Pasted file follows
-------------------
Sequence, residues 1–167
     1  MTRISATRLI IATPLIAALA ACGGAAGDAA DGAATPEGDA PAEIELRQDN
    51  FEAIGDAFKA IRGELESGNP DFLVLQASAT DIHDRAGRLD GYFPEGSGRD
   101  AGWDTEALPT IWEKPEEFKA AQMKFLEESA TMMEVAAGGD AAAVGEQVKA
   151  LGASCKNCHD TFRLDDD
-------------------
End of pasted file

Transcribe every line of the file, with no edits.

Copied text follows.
Sequence, residues 1–167
     1  MTRISATRLI IATPLIAALA ACGGAAGDAA DGAATPEGDA PAEIELRQDN
    51  FEAIGDAFKA IRGELESGNP DFLVLQASAT DIHDRAGRLD GYFPEGSGRD
   101  AGWDTEALPT IWEKPEEFKA AQMKFLEESA TMMEVAAGGD AAAVGEQVKA
   151  LGASCKNCHD TFRLDDD